Here are 36 photos showing anti-gay Russians attacking LGBT activists.
Researchers from Heptares Therapeutics, a drug company, have found the molecule responsible for stress, hopefully giving them the ability to create drugs that precisely fit into its structure.
by German Lopez
Pepper calls on DeWine to stop court battle against local gay couple
The debate over same-sex marriage came to the forefront of
Ohio’s attorney general race after Democratic candidate David Pepper
drew up an online petition calling on Attorney General Mike DeWine to
drop a court battle against a local gay couple.
Pepper’s petition is in direct response to the legal
battle surrounding Cincinnatians Jim Obergefell and John Arthur, who legally married
in Maryland last year and won legal recognition of their marriage in
Arthur’s Ohio death certificate. (Arthur passed away after suffering
from amyotrophic lateral sclerosis, a neurological disease that causes
muscles to rapidly deteriorate.)
The case originally applied only to Obergefell and Arthur,
but U.S. District Court Judge Timothy Black on Dec. 23 cited equal
protection grounds to force state officials to acknowledge gay marriages
in all Ohio death certificates.
With DeWine’s office acting as the attorneys in the case, the state intends to appeal the ruling.
The attorney general’s office told CityBeat it’s up
to the Ohio Department of Health, the plaintiff in the case, to decide
whether to appeal the ruling. Citing attorney-client privilege, DeWine’s
office declined to comment on whether DeWine offered legal advice for
or against the appeal.
But DeWine previously defended his intention to uphold Ohio’s
constitutional ban on same-sex marriage, which voters approved in 2004.
“Our job is to defend Ohio’s constitution and defend what voters have voted on,” he told WKSU Public Radio.
In his petition, Pepper argues it’s DeWine’s duty to
uphold the U.S. Constitution and protect the local couple’s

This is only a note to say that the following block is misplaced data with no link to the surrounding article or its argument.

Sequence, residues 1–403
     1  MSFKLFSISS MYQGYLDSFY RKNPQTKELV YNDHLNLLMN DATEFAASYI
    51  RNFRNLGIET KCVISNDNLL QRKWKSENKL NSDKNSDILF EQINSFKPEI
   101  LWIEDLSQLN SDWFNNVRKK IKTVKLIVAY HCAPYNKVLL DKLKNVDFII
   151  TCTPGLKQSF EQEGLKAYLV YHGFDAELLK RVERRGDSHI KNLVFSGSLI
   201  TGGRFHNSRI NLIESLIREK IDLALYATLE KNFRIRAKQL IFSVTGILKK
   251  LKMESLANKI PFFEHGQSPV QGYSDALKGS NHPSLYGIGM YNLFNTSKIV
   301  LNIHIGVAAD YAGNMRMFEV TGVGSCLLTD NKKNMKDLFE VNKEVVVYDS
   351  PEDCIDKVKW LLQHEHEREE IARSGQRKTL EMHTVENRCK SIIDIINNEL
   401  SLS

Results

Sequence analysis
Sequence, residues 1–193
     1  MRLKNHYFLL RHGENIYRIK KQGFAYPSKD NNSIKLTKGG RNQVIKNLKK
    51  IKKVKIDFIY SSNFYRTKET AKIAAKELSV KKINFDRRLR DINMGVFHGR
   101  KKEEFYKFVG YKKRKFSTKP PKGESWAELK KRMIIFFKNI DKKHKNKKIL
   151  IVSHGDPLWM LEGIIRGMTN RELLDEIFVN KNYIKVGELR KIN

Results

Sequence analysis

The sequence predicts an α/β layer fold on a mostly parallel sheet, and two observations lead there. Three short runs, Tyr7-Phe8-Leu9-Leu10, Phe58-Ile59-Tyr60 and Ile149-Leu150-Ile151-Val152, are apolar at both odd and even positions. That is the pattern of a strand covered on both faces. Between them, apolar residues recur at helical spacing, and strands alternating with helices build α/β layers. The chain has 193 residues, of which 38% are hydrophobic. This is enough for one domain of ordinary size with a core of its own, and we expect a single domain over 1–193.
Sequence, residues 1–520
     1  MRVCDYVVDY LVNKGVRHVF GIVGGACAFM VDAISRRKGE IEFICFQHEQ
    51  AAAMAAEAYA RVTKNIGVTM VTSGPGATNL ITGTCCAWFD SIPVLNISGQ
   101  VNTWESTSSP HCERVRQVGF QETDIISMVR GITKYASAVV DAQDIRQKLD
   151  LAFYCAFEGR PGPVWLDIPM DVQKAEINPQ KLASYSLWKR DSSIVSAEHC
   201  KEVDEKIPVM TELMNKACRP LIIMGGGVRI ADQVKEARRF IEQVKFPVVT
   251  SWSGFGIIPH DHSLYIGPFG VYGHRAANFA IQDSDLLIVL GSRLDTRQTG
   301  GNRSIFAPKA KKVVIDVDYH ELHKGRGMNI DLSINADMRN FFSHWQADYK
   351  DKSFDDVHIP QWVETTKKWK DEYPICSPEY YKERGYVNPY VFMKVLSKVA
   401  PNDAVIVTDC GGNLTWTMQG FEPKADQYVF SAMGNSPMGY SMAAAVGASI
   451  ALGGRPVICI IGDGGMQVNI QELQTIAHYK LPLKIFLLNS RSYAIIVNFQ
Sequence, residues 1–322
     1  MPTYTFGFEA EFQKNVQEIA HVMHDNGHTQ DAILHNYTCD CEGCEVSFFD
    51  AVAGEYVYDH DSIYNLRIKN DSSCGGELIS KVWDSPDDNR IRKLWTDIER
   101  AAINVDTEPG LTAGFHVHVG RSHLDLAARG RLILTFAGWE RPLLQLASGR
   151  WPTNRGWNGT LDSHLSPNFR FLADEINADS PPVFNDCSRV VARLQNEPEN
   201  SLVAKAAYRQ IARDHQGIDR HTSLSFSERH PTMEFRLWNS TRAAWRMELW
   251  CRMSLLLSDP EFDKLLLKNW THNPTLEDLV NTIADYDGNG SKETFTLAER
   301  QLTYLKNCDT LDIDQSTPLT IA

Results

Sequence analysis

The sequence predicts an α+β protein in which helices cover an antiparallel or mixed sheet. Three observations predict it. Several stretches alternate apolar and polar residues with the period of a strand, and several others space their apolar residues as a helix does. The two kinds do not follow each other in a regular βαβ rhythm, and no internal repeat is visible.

court-established marriage rights.
“What a waste of taxpayer dollars, and what a misuse of an
office whose duty is to stand up to — not for — the unconstitutional
treatment of Ohioans,” the petition reads.
While DeWine and Pepper will face off in the upcoming
November ballot, same-sex marriage could appear on the ballot as well — despite
disagreement among LGBT groups on the timing.Pepper’s petition can be read and signed here.
4 Comments · Wednesday, January 8, 2014
Bill Nye to debate anti-science creationist, Chris Finney gets kicked out of law firm and more in the worst week ever.
by German Lopez
Tea party drops challenge to Kasich, gay marriage in 2014 election, city faces parking issues
Tea party leader Ted Stevenot won’t run against Gov. John
Kasich in a Republican primary after all. The development came just four
days after Stevenot announced his candidacy. Stevenot said his decision
to pull out had nothing to do with his running mate’s tax problems,
which The Columbus Dispatch uncovered shortly after Stevenot
announced his intention to run. Stevenot’s withdrawal comes despite
building tea party opposition against Kasich over his support for the
Obamacare-funded Medicaid expansion and his unwillingness to support
anti-union “right-to-work” legislation.